What our partners bring to us is more access to more customers, but what they benefit from and frankly why they value us so much is this unique domestic system, the short haul system that we have because there’s nobody else in the world who can go and bring that customer base.

We don’t have an airplane long enough to go fly into the South Pacific in some cases. It enables us to go put together a long haul network that makes sense for our customers, that makes money for us, that is vibrant and growing.

The thing that people tend to see is a long haul network. We fly into Doha or to London or to Buenos Aires. And we are going to grow that. We are going to grow that in a profitable way on a mix of 87s, triple 7s, 321s. But then behind that is a partner network that enables it and feeds customers to it. But at the very heart of that doll, the central heartbeat of it is our short haul network.

This isn’t a new message from Raja. Enilria interprets it to mean American is focused on short haul flying from its hubs, “focused much more on fly-over America than Delta or United” with long haul more of an afterthought focused on partner hubs.

There’s definitely a bias towards lots of small ball wins, rather than taking expensive chances with widebody flights over long distances. They want narrowbody frequencies flying domestic routes, supported by connections through Dallas and Charlotte.

Tactically, American is approaching this by:

  • “Productiz[ing travel] in an infinite number of ways”
  • Focusing on “AAdvantage and our credit card programs” so that customers “can always access travel….people are always thinking about travel” with American. He wants to “give people more miles, at a cheaper price, enable more redemption that ever before.”
  • Leveraging revenue management, where American isn’t alone but was first decades ago (“machine-learning before machine learning was cool, a massive system to forecast demand, [which] has become extremely accurate over time). I’d argue that American’s revenue management has been forecasting to sell more seats at higher fares than customers have been willing to buy, and that this has hurt their load factors and chased premium passengers to other airlines selling front cabins for less.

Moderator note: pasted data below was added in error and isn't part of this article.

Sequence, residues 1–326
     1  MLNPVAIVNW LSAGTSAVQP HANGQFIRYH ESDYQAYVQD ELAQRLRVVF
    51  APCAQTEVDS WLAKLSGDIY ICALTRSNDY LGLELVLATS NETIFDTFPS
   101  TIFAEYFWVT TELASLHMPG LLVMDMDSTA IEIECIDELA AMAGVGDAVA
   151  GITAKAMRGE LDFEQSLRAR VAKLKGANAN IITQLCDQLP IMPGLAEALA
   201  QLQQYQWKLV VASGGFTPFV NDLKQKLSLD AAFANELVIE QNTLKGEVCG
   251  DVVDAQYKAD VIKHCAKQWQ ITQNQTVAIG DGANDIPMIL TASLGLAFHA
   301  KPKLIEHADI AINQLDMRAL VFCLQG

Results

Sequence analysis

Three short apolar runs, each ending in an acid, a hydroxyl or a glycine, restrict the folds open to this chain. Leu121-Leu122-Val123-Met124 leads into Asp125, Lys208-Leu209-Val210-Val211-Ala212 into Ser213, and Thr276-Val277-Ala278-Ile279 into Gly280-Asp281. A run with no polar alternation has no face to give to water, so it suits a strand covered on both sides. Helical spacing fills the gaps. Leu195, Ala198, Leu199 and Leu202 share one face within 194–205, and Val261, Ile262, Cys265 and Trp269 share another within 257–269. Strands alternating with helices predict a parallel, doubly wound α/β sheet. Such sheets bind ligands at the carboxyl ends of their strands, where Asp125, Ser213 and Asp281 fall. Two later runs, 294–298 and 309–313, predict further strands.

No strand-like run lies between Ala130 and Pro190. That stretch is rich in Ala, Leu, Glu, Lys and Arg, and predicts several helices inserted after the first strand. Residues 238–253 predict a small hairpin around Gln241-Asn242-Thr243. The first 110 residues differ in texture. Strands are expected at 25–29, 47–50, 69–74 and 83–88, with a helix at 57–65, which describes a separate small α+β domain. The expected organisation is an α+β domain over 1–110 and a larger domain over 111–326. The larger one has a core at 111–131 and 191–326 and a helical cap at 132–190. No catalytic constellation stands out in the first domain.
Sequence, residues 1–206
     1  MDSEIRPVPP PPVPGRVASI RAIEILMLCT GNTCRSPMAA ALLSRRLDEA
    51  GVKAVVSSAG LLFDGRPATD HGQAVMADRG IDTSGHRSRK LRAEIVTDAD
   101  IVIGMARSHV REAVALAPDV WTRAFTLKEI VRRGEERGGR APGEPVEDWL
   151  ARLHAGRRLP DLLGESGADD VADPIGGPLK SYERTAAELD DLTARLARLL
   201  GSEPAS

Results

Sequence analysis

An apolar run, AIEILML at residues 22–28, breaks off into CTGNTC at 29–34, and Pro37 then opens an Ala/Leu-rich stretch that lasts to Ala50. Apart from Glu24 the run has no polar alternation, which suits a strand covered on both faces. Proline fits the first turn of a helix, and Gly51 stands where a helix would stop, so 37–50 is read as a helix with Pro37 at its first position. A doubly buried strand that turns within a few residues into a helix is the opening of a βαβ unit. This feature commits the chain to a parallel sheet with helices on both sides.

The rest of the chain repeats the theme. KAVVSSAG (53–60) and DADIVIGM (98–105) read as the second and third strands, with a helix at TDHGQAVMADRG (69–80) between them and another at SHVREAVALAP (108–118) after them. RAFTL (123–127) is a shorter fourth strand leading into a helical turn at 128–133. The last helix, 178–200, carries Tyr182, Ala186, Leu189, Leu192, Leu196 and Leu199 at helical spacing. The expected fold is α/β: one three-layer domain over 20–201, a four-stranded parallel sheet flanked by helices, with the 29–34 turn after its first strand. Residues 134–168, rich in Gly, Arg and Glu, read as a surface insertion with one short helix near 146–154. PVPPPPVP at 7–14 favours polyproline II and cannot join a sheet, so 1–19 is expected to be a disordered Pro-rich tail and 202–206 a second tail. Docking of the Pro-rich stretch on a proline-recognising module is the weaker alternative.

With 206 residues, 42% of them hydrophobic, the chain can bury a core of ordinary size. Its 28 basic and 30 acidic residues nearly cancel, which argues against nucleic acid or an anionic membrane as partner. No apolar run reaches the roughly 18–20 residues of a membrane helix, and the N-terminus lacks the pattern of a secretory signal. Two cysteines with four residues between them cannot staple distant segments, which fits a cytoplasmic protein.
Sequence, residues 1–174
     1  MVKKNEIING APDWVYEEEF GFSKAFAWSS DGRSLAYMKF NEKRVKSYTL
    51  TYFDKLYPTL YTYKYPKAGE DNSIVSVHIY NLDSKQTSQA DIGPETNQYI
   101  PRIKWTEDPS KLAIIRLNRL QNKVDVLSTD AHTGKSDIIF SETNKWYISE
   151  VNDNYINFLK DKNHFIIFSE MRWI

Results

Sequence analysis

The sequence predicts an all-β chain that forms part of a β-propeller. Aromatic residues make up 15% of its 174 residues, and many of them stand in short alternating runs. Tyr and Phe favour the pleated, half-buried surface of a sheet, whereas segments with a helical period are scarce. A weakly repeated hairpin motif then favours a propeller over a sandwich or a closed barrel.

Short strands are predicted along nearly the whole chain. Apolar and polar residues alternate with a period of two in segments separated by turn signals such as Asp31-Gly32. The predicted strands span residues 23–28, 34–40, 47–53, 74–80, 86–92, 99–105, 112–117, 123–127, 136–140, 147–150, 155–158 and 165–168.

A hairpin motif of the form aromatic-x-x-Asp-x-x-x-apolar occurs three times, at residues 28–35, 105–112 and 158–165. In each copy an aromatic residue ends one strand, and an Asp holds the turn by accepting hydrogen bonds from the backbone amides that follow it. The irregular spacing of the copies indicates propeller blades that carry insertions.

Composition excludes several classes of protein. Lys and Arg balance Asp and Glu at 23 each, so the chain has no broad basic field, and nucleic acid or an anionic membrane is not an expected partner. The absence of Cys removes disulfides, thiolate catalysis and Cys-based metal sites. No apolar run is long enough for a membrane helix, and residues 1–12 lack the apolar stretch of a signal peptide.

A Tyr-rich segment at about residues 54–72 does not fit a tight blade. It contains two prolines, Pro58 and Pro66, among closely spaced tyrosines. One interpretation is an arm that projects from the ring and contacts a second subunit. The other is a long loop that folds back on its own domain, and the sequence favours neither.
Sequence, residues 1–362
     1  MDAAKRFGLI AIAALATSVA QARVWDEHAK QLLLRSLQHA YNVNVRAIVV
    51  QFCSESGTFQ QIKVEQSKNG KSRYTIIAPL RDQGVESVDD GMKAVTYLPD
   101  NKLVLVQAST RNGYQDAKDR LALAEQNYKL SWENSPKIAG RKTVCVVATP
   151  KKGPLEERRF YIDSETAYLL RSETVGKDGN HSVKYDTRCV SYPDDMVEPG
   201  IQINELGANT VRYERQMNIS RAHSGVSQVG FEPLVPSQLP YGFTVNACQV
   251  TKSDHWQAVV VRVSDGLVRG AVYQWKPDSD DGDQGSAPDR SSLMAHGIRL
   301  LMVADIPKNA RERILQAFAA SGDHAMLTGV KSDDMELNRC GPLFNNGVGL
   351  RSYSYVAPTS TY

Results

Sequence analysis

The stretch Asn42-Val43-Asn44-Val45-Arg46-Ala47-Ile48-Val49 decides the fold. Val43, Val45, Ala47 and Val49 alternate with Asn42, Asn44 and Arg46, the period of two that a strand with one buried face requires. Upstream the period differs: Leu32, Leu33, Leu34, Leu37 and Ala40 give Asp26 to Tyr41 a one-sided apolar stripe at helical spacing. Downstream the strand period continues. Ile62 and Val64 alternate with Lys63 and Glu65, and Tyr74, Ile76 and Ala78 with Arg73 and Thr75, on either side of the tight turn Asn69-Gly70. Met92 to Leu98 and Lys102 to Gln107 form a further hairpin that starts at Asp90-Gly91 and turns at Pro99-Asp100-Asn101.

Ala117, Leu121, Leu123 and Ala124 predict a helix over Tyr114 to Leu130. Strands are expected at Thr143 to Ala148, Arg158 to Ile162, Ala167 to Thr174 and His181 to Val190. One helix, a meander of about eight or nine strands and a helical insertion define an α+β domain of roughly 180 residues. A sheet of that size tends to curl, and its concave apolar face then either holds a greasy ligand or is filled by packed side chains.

• Eliminating travel agencies, “going direct to the customer.” He’s overclaiming the airline’s digital abilities, for instance it is not possible to confirm an upgrade online using miles or systemwides and the only confirmable upgrade the airline had – Business ExtrAA – has been eliminated.

    [American has] greatly invested in digital servicing. As of the end of this year, virtually anything you buy in the domestic U.S. that’s from American Airlines, not through a travel agency, you can service through the app. We’re the only people who can go and do that.

    Raja claims that selling travel through agents often “introduces more complication” so they’ve “gone away from distribution strategies and technologies that effectively drive expense to our customers, that don’t create a servicing advantage, that don’t enable them to truly go experience the magic of air travel and we’re encouraged by the results so far.”

American continues to double down on walking away from high touch servicing of managed corporate contracts, and working with travel agencies who sell air. They’ve bet that they don’t need to discount to fill planes, which may be true in Dallas and Charlotte and Miami. But losing this business may hurt in an inevitable economic downturn. Other airlines have been happy to pick up what American has walked away from, and better agencies would argue it’s American that “introduces more complication” and that’s made it harder for them to untangle those messes that the airline creates.